I turn, keep walking. A cab drives by, its For Hire sign lit up, and I tell myself to hail it. To climb in and let it speed me home. It’s the smart thing to do, the safe thing, as both the rain and the wind are picking up. And yet I can’t bring myself to do it. The same electricity that made it impossible for me to sit still in the theater makes it impossible now for me to do anything but keep walking.
Lightning splits the sky, lighting up the desolate street and scaring the crap out of me. I don’t know how a street can look worse when it’s illuminated by lightning than it does in the eerie glow of a very few streetlights, but somehow this one does. It doesn’t help that Cesar Chavez, while bustling during the day, is all but deserted at this time of night—the occasional car my only company.
I start to run, which is really more of an awkward jog in Lily’s high heels. Part of me is terrified that I’ll slide on the slippery street and plunge headfirst into the path of one of those few cars, but I’m even more terrified of the lightning that is exploding all around me while thunder rumbles nonstop in the background.
I know I need to get out of the rain, know this kind of lightning could be deadly. But somehow all the logical parts of my brain—the parts that should be in control of my decision making process—are shorting out at once. Instead, I can’t do anything but continue walking, following the inexorable pull down this street toward goddess only knows what.
I cross side street after side street, huddling against buildings and under awnings when I can get the shelter. More than once a cab slows as if to pick me up, but I wave it on. I don’t understand how I know this, but where I’m going no cab can take me.Finally the compulsion drags me to the right. I cross the street and start up Pleasant Valley toward the lake. And just that suddenly I know where it is I’m heading. To Town Lake.
I just wish I knew why.
I see it, up ahead, and I know I’m right. Especially when my entire body starts to pulse with the need to hurry, the need to be there now.Strangely, it’s the urgency that sets me off, that makes me remember. When I do, the true fear sets in, a living breathing nightmare inside of me that feeds on the knowledge and chokes the very air from my lungs.
And still I don’t stop.
I’m almost to the lake now and I stumble off the sidewalk, head for the grassy knoll that sits a few feet from the water. The ground is soaked from the storm and my heels immediately sink into the earth until every step is a challenge. I wince at the sucking sound that comes every time I pull my foot out of the earth, then cringe more every time I put it back down and the earth draws it under.Like it isn’t bad enough I walked out of the Paramount with no explanation to Lily, no text, nothing. When she finds out I ruined her Jimmy Choos, she’s going to kill me. Slowly and with great relish.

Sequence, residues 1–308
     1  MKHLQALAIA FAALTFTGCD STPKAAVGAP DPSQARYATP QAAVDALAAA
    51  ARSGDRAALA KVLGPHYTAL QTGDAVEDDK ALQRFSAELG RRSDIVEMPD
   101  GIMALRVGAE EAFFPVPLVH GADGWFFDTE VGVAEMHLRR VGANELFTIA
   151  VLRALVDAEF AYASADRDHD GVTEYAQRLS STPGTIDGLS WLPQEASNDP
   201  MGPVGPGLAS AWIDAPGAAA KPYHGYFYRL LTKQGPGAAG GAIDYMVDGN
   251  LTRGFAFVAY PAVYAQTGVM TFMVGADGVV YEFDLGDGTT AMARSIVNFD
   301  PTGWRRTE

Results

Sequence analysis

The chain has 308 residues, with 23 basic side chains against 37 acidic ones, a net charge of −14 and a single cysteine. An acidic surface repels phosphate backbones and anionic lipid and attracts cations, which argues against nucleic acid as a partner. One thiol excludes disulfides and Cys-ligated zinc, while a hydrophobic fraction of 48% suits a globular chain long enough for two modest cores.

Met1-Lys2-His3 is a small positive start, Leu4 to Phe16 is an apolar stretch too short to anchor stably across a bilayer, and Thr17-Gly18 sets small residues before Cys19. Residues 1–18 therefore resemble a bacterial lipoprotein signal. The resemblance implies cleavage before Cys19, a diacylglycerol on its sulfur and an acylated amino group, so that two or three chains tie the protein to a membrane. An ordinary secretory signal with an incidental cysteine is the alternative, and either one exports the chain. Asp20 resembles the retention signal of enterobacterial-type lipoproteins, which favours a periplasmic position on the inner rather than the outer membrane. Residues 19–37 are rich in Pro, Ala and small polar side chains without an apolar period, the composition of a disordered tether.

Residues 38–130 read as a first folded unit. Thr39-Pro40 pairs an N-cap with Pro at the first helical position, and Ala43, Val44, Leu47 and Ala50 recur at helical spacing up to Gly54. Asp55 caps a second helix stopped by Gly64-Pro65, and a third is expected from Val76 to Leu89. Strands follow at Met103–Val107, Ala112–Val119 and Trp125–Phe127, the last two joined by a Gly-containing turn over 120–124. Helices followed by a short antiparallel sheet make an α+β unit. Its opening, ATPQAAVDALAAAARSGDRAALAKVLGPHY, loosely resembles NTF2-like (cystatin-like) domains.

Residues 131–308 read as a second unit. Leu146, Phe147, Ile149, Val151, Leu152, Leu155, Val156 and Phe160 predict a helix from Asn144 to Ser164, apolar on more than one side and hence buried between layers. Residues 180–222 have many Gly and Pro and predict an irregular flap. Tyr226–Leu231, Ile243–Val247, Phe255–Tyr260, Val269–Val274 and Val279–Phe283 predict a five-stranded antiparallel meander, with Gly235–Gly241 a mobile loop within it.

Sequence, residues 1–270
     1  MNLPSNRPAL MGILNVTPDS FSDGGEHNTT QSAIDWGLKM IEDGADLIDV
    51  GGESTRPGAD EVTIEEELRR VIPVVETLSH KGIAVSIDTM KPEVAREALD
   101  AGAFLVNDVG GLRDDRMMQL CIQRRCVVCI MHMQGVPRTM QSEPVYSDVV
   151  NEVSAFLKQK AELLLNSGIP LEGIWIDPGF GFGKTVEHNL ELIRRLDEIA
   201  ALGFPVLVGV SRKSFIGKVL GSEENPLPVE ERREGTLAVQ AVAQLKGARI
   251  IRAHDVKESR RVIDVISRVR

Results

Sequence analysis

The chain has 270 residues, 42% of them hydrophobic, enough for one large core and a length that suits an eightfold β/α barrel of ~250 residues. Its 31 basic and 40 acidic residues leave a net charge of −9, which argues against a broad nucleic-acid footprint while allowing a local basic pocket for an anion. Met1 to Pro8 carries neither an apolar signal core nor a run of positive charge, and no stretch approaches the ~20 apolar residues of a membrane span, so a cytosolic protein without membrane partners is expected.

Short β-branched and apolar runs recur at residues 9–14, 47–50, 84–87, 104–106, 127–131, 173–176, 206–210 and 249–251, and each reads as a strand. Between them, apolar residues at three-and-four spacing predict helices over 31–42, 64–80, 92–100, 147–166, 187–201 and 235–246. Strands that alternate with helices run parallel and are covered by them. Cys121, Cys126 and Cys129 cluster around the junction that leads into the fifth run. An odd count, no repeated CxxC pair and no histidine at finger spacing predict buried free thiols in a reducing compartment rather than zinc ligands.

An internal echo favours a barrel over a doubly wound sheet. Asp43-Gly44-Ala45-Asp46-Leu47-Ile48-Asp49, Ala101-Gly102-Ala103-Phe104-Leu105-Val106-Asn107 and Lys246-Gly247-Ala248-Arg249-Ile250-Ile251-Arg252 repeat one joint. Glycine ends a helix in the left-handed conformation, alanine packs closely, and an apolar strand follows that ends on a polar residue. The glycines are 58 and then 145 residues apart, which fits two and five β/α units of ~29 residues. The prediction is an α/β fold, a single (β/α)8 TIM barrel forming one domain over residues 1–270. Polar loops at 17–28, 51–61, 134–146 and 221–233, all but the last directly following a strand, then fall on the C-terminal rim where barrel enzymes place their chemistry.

But even that can’t make me turn back. Nothing can. The water is calling to me and there’s nowhere to go but forward.
I try to stay on the balls of my feet to protect the shoes as best I can, but the grass is too slick and the heels too high. Besides, they’re the only things that give me purchase as I stumble off the grass and onto the running path that goes around the lake.
I’m under the bridge now, trying to take what little shelter it provides. The rain is slashing in at an angle, slamming against me despite the coverage. Still, it’s better than being out in the full force of the storm—and at least I’m less likely to be struck by lightning.
I pause, take a second to brush my drenched hair back from my forehead and rub a palm down my face to squeegee the rain from my eyes. I expect to feel a wave of relief, but the chest-clenching drive to get to the water doesn’t let up. This isn’t where I’m meant to stop. Hiding here under the bridge isn’t enough. I take a step closer to the lake. And then another.As I do, the wind caterwauls through the place, stirring up the sickly cloying smell of guano. Though the bats haven’t migrated back from Mexico yet, years and years of the stuff layers the area, creating a stench that not even the storm can chase away. Usually the scent makes me ill, but tonight it doesn’t repel me the way that it should. Though I’m having trouble breathing through my nose, I have no urge to flee. Instead, I want to go closer.
I need to go closer.Grabbing on to a tree branch, I use it to steady myself as I creep down the slope to the water’s edge. The fear is bigger now, nearly all-consuming. Not for myself, not about what will happen to me, but for what’s drawing me in. For what I might find down here under this bridge. I don’t know what I’m doing down here, don’t know what spell I’m under that has brought me here. But something has and somehow I don’t think it’s for the midwinter view.
Unable to bear the suspense any longer, I drop to my knees by the edge of the water. Muck squishes under my jeans, causing me to slide a little as I bend forward to peer into the lake. I don’t see anything, despite the lights stationed every few yards on the running path, and I fumble for the flashlight on my key chain.
I shine the small beam at the water, then jump when I see my reflection on the surface. For a second, I’m surprised that it’s bright enough to see anything shining off the rippling water, even if the reflection is little more than a pale oval and tangled fan of short, black hair. Except the longer I look at it, the more I realize the mirror image is all wrong. It’s upside down and her eyes are closed. No, not a mirror image I realize as the water smooths out. Not a reflection at all. The face I see in the lake belongs to someone else entirely.